Sistus V and Town Planning
Although short, the Sistine Pontificate gave a strong impetus to social and economic reorganization, which culminated with a modern, radical renewal of the layout of Rome, seat of the papacy and capital of the Catholic world.
Rome had remained a medieval city and had to change. Sistus V himself embodied this change, deserving also the name of “Town Planner of God”, as Renato Barilli defined him in 1993 in an article for L’Espresso magazine.
Among the most significant interventions, Pope Sistus V promoted the first substantial reclamation of the Pontine Marshes; had the Vatican obelisk raised under the direction of the architect Domenico Fontana; completed the covering of the dome of S.Pietro and founded the new Vatican building.
He organized water regulation, strengthened the sewage system, and increased the flow rate of the aqueducts, including the “Felice” aqueduct, which was built in a very short time. The aqueduct stretches about 30 km long and feeds artistic fountains, including that of the Moses.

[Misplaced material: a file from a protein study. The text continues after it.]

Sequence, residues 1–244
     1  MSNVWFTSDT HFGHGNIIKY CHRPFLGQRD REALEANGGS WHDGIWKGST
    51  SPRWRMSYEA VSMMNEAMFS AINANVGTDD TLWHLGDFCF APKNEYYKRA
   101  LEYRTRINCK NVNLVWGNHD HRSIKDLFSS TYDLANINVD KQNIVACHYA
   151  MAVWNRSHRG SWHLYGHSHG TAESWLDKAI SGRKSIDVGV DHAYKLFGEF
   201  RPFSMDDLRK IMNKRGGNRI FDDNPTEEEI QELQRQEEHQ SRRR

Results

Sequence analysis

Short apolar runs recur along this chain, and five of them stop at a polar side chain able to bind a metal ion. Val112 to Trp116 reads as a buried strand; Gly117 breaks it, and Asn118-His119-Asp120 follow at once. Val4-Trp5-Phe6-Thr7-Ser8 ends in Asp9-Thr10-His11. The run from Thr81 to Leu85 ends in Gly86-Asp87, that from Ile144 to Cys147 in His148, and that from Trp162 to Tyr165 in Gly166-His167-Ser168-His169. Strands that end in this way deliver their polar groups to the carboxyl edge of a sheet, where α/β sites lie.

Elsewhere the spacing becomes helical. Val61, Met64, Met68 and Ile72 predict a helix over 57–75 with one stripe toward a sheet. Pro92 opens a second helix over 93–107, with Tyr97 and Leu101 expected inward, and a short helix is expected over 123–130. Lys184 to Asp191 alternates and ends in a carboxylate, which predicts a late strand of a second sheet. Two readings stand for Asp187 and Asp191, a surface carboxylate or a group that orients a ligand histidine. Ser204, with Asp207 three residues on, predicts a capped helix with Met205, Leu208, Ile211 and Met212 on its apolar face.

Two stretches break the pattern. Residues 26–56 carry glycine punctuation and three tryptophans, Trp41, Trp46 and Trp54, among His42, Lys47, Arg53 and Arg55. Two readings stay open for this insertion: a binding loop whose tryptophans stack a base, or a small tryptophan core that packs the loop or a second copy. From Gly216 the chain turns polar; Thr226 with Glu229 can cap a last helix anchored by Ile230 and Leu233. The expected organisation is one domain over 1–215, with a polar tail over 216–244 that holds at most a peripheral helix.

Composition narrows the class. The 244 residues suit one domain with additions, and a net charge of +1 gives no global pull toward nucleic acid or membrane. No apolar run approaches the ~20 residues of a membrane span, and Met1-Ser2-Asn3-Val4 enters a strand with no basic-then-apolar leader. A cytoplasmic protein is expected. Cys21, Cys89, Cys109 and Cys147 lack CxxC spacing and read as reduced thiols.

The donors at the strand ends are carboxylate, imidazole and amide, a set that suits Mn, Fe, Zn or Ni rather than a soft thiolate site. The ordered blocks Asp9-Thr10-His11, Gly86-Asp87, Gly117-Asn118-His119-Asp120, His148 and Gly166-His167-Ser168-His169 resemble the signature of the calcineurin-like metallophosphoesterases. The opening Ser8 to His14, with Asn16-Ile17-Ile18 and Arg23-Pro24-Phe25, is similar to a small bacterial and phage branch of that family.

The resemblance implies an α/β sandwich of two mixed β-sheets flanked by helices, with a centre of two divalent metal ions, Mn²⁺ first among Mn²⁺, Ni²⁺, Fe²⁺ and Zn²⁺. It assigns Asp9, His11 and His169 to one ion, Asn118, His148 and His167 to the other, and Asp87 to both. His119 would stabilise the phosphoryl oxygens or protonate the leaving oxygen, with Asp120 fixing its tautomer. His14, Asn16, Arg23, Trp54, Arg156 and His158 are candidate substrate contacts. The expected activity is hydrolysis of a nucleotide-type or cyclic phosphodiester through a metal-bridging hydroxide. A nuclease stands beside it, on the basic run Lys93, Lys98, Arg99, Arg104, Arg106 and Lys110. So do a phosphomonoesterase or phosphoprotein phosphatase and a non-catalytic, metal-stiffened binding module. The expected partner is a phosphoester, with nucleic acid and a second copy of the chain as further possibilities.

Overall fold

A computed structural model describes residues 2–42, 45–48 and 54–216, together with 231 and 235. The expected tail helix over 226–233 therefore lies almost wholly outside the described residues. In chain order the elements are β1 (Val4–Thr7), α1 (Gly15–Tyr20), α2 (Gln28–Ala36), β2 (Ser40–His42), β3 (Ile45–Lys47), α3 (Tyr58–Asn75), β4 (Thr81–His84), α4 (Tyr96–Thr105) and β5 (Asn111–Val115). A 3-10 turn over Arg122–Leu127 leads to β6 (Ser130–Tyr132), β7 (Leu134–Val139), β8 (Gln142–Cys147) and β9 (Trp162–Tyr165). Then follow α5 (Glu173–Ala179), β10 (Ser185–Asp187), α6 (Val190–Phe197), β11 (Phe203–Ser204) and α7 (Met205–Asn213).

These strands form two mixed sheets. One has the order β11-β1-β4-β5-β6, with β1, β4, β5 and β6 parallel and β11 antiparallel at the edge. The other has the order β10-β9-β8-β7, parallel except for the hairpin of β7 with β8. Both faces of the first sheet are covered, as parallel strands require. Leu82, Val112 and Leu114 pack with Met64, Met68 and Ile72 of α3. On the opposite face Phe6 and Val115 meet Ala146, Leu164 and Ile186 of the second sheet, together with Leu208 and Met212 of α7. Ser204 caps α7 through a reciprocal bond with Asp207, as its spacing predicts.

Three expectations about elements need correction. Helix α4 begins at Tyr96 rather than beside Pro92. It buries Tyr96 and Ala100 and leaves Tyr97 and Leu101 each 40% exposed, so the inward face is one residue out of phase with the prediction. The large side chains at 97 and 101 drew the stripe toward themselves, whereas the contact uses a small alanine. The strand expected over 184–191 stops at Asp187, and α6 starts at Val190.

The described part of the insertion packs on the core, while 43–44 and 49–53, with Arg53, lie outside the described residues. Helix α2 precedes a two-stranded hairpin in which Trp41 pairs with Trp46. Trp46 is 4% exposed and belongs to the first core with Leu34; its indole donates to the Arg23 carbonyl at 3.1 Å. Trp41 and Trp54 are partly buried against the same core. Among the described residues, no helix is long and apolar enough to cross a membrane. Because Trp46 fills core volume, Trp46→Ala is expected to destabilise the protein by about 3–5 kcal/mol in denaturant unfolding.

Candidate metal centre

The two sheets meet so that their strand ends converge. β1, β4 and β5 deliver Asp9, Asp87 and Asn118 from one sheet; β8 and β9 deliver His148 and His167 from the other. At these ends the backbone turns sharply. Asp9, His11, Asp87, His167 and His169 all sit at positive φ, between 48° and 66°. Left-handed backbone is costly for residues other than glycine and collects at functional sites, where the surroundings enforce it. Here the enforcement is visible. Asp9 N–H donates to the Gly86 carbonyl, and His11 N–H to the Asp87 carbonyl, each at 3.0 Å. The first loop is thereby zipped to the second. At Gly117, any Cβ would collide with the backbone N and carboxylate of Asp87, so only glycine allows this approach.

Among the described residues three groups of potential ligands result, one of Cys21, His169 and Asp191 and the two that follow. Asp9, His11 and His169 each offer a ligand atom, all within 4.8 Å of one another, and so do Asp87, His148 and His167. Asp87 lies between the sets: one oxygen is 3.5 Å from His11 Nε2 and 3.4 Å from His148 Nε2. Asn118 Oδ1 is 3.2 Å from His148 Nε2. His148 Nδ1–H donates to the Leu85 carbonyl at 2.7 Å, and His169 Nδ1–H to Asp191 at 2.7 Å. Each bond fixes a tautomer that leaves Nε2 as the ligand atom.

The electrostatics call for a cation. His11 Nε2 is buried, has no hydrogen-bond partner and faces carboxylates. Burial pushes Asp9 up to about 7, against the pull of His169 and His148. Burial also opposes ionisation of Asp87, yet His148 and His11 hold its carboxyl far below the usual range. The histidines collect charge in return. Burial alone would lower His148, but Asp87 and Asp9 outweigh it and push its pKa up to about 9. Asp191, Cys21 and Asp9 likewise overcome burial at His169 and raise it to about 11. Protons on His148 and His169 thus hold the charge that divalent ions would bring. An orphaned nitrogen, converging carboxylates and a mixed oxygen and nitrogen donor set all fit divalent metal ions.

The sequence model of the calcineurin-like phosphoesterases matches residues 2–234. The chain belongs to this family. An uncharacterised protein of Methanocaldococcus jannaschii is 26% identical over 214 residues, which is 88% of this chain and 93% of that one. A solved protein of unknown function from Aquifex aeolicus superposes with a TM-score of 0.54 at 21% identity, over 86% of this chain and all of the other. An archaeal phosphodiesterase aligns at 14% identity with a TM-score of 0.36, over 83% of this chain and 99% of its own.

He also continued works on the Palazzo del Quirinale and transported the sculptural group of the Dioscuri from the Baths of Constantine; he had the Fontana dei Fiumi (Fountain of the Rivers) built under the staircase of the Campidoglio designed by Michelangelo and had the Trofei di Mario (Mario’s trophies) placed on the square.
He had three other obelisks raised in S. Maria Maggiore, S. Maria del Popolo and, the highest of all, in S. Giovanni in Laterano, where he built the new palace.
He entrusted the construction of the Palazzo della Scala Santa also to the architect Fontana to house the staircase of the Praetorium of Pilate. In addition, he had the statues of St. Peter and St. Paul placed on the top of the columns of Traiano and Antonino.
Founder of modern Rome, he opened new roads and boulevards to adorn the city and make it more comfortable.
In line with his wishes, his influence is clearly present in the Cathedral of S. Maria Assunta in Montalto.